Urologists take a urological history of the man requesting a vasectomy. They ask about any prior scrotal surgeries and hernias, as well as issues with urination, erections, sex drive and sexually transmitted infections (STIs).
Parekh said he examines the man's testicles to ensure there are no abnormalities, masses or tumors. He feels the vasa deferentia as well to make sure they're both there—one for each testicle—so there are no surprises during the procedure.
He also reviews the medications the patient is taking. Blood thinners, for example, may increase the risk of bruising and bleeding.
What does the procedure entail?
Patel and Parekh both said nearly all of their vasectomies are performed in the office since it is a relatively simple procedure and takes only about 15 minutes. The urologist puts a local anesthetic on the scrotum, and the patient remains awake.
"It's kind of like going to the dentist where you may feel us manipulating down there, but you shouldn't feel anything sharp," Patel explained. "We can always give more numbing medicine."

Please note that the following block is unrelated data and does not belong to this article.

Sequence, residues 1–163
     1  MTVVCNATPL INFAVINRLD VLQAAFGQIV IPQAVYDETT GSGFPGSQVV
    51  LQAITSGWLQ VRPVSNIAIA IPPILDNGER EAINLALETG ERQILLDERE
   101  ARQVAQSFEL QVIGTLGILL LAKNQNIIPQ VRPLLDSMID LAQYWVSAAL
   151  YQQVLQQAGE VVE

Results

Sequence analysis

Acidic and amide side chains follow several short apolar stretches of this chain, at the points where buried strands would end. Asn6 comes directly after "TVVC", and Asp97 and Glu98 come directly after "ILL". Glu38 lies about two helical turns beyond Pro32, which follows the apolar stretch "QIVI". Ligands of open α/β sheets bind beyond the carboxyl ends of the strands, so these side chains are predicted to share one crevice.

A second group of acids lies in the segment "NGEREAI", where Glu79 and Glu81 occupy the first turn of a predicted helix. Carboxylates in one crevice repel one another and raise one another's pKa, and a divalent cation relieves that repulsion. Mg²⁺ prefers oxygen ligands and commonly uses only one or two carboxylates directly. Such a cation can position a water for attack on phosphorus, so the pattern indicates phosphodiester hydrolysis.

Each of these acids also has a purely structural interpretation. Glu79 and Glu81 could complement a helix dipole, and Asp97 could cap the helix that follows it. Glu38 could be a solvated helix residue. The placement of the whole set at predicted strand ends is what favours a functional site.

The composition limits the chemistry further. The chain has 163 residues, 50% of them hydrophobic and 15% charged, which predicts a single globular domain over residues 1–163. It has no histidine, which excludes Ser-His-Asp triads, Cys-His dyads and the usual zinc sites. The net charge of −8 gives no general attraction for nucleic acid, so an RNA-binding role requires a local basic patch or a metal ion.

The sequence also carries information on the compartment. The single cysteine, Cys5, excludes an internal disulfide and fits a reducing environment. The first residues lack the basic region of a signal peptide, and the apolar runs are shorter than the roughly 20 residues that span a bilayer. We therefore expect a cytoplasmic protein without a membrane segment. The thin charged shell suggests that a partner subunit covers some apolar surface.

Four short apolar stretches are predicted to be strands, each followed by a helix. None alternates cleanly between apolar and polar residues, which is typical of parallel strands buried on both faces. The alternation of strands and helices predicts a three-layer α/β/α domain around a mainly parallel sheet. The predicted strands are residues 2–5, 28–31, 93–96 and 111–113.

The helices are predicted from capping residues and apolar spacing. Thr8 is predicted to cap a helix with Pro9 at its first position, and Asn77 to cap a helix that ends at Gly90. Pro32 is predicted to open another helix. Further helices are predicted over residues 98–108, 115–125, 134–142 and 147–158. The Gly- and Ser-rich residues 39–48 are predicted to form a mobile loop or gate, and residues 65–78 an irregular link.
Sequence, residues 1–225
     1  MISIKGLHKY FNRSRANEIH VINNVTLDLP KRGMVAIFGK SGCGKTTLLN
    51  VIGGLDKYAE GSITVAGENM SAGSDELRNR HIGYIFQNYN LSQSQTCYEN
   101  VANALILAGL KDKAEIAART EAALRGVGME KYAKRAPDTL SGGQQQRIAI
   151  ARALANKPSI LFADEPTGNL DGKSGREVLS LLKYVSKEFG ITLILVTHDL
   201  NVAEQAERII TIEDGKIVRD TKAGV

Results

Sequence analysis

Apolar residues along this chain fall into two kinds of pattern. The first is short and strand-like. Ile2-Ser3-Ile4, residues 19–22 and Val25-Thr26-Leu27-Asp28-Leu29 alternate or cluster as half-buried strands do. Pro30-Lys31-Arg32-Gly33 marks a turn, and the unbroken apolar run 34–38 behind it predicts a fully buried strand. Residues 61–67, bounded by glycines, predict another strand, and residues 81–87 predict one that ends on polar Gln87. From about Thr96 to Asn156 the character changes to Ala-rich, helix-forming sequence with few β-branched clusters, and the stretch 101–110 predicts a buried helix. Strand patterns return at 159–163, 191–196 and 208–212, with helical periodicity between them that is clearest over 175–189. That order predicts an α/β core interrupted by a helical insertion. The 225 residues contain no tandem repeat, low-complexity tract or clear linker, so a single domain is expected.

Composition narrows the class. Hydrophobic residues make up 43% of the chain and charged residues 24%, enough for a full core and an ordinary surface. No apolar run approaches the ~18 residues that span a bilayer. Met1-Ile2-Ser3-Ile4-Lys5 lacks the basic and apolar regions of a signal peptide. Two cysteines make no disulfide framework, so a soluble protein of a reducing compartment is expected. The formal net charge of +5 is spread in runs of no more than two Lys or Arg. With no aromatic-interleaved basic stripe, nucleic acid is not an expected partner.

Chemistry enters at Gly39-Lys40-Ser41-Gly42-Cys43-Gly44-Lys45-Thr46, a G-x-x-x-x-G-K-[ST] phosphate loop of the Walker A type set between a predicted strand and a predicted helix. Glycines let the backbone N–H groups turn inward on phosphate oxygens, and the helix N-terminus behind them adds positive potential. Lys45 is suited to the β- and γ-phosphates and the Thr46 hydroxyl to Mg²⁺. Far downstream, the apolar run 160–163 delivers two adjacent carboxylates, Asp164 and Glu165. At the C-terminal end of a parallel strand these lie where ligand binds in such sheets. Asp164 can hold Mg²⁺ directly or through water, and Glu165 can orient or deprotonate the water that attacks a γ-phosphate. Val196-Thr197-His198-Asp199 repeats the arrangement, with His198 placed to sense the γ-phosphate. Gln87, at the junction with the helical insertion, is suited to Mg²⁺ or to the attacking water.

Patel said he tries to put patients at ease, because many men are understandably nervous about their scrotum being the focus of an operation. He doesn't typically administer any oral medications, but if a patient requests it, he may prescribe an antianxiety drug such as Xanax.
"I think patients do just fine awake without all the side effects and drowsiness of the sedatives," he said, adding they're able to drive themselves home following the procedure.
'It's kind of like going to the dentist where you may feel us manipulating down there, but you shouldn't feel anything sharp.'
The most common vasectomy method is the no-scalpel technique.
"That's essentially just describing how we puncture the skin with a sharp instrument to gain access to the vas deferens," Parekh said. "Instead of using a scalpel or knife to cut into the skin, we use a sharp instrument to spread the skin."